Prota 16: Fibres/Plantes à fibres
Suppl. pl.: 225 (1782).
Dais madagascariensis Lam. (1786), Lasiosiphon pubescens (Lam.) Decne (1841), Lasiosiphon baroni Baker (1890).
Origin and geographic distribution
Gnidia daphnifolia is endemic to Madagascar.
The bast fibre is used for cordage. Like that of many other species in Madagascar, the bark was formerly beaten on a mallet to obtain a kind of felt used for cloth. As technology evolved, fibres were extracted by crushing the bark, after which they were combed or scutched, making them suitable for spinning and weaving. Gnidia daphnifolia is also one of the species of which the bark fibre is locally made into ‘Antaimoro paper’, a paper of excellent quality made into articles such as stationary, envelopes, cards, notebooks, photo albums, lampshades and gift bags.
The bast fibre is fine and silky.
Shrub up to 2 m tall; branches glabrescent, outer bark reddish brown, striate. Leaves with petiole up to 5 mm long; stipules absent; blade obovate-lanceolate to oblong, 20–70 mm × 8–20 mm, base attenuate or slightly cuneate, apex obtuse, sparsely hairy or glabrous. Inflorescence an axillary or terminal head 1.5–2 cm in diameter, 15–20-flowered; peduncle 1–5 cm long, hairy, greyish green; involucral bracts often fused at the base, acuminate, hairy. Flowers bisexual, regular, 5-merous, red, orange or yellow; calyx tube cylindrical, 12–18 mm long, lobes ovate to oblong or obtuse, 2–3 mm long; petals inserted in the throat of the calyx tube, alternate with calyx lobes, scale-like, ovate-oblong, up to 2 mm long, membranous; stamens 10, in 2 whorls of unequal length, the upper whorl inserted in the throat of the calyx tube, the other one inserted lower; ovary superior, 1-locular, hairy or glabrous, style filiform. Fruit oblong, 4–5 mm long, enclosed by the persistent base of the calyx tube, covered with long stiff whitish hairs.
Gnidia comprises about 140 species, mainly distributed in tropical Africa, with 20 species endemic to Madagascar, but it also extends into Arabia, western India and Sri Lanka. The bast fibre of Gnidia danguyana Leandri, a shrub endemic to Madagascar, is used for the same purposes as that of Gnidia daphnifolia.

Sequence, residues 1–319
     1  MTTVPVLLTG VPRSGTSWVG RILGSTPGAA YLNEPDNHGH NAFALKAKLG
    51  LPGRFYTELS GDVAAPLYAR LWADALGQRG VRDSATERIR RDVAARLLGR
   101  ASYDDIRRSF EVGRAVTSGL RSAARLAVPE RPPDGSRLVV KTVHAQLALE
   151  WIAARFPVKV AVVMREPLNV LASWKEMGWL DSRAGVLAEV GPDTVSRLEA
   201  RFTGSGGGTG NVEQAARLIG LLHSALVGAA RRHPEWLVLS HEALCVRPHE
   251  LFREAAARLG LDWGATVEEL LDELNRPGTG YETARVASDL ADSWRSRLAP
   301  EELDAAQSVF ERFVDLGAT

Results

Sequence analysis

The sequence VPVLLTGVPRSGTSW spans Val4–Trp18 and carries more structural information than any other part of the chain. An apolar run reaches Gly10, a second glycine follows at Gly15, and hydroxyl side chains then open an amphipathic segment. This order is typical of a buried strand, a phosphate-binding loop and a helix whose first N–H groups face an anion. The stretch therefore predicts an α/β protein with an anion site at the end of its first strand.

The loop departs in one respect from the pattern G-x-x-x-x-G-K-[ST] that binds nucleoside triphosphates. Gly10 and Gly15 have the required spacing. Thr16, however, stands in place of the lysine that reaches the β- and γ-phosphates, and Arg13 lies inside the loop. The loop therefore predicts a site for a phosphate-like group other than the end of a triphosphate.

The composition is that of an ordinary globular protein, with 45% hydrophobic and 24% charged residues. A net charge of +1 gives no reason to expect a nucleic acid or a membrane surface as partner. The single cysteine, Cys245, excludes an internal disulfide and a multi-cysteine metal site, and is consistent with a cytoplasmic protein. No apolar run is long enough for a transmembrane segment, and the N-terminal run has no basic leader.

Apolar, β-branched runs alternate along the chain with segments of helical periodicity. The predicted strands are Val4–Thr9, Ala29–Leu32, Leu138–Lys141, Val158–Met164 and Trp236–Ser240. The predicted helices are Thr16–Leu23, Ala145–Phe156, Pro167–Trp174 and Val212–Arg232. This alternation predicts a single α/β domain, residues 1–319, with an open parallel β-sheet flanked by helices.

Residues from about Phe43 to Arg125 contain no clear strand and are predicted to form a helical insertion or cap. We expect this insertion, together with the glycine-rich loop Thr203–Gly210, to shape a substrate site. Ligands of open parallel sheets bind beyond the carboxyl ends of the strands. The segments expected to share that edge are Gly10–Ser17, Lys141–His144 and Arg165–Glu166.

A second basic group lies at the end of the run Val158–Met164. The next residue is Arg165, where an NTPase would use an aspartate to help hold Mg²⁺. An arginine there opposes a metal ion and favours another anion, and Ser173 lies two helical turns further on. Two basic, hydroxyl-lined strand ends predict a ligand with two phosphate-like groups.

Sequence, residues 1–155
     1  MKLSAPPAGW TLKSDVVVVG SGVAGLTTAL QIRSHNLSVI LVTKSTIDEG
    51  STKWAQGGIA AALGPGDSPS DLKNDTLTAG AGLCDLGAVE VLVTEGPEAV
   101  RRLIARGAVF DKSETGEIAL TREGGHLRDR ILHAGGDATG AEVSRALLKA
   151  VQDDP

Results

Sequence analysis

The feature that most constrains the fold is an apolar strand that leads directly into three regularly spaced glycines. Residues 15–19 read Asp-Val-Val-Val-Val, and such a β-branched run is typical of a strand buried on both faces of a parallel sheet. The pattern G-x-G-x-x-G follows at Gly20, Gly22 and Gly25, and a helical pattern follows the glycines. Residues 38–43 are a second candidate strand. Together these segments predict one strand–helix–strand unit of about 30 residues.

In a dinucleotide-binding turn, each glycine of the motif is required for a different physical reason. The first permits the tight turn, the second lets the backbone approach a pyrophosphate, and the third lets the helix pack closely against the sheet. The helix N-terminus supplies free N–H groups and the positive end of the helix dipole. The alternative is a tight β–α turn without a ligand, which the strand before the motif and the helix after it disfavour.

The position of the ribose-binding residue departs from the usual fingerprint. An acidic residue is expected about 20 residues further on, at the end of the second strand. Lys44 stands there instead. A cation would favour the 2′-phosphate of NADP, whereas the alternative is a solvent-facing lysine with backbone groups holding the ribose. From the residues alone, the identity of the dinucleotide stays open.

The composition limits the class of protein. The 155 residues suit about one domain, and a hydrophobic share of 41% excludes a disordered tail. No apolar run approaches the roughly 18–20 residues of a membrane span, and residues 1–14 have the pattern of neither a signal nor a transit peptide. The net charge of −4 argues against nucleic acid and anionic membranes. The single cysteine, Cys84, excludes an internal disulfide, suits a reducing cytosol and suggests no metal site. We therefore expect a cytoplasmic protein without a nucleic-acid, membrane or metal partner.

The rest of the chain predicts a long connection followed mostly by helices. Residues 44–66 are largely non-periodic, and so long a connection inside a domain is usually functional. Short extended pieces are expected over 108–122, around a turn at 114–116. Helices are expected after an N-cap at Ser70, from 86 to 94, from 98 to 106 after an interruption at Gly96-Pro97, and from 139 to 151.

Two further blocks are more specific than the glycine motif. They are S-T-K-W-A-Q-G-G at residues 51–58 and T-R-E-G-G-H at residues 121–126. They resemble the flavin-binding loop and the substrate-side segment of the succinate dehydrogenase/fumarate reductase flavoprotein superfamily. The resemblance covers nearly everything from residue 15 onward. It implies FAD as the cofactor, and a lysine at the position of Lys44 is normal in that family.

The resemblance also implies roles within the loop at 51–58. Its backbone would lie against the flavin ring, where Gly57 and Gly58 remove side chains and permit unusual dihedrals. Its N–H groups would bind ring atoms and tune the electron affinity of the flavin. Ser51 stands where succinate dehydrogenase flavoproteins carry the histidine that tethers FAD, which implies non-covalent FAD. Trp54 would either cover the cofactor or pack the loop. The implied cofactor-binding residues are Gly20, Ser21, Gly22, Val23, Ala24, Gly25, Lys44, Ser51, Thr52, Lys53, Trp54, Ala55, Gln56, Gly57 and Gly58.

Gnidia daphnifolia occurs in sandy and rocky locations.
Genetic resources and breeding
It is unclear whether Gnidia daphnifolia is threatened by genetic erosion.
Little information is available on Gnidia daphnifolia and its fibre properties. Its use in the niche market for high-quality ‘Antaimoro paper’ may increase with increasing tourism to Madagascar.
• Boiteau, P., Boiteau, M. & Allorge-Boiteau, L., 1999. Dictionnaire des noms malgaches de végétaux. 4 Volumes + Index des noms scientifiques avec leurs équivalents malgaches. Editions Alzieu, Grenoble, France.
• Leandri, J., 1950. Thyméléacées (Thymelaeaceae). Flore de Madagascar et des Comores (plantes vasculaires), famille 146. Firmin-Didot et cie., Paris, France. 40 pp.
• Schatz, G., undated. A catalogue of the vascular plants of Madagascar. [Internet]. Missouri Botanical Garden, St. Louis, United States. http://www.efloras.org/ flora_info.aspx?flora_id=12. Accessed March 2009.
• Rogers, Z.S., 2006. A new species of Malagasy Gnidia and the lectotypification of Octolepis decalepis (Thymelaeaceae). Adansonia séries 3, 28(1): 155–160.
• Rogers, Z.S. & Spencer, M.A., 2006. Typification of plant names in Thymelaeaceae published by Linnaeus and Linnaeus filius. Taxon 55(2): 483–488.
Correct citation of this article:
Brink, M., 2009. Gnidia daphnifolia L.f. In: Brink, M. & Achigan-Dako, E.G. (Editors). Prota 16: Fibres/Plantes à fibres. [CD-Rom]. PROTA, Wageningen, Netherlands.